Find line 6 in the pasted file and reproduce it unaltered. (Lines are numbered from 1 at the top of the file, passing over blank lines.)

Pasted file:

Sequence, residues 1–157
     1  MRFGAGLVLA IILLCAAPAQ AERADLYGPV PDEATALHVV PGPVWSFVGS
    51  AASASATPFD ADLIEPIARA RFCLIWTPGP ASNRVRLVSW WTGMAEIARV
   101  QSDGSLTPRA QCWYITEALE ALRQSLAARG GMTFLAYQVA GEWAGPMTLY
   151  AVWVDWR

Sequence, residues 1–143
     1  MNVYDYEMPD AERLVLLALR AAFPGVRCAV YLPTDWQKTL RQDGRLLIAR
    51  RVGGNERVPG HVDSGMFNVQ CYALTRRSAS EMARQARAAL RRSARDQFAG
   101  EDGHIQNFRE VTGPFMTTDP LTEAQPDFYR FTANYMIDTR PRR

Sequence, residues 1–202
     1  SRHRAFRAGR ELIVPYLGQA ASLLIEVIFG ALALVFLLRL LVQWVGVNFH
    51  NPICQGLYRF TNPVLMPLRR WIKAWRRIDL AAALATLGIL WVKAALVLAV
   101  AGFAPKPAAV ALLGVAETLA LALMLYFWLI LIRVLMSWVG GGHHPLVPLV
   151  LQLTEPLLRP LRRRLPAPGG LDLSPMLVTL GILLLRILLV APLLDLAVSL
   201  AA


Sequence, residues 1–143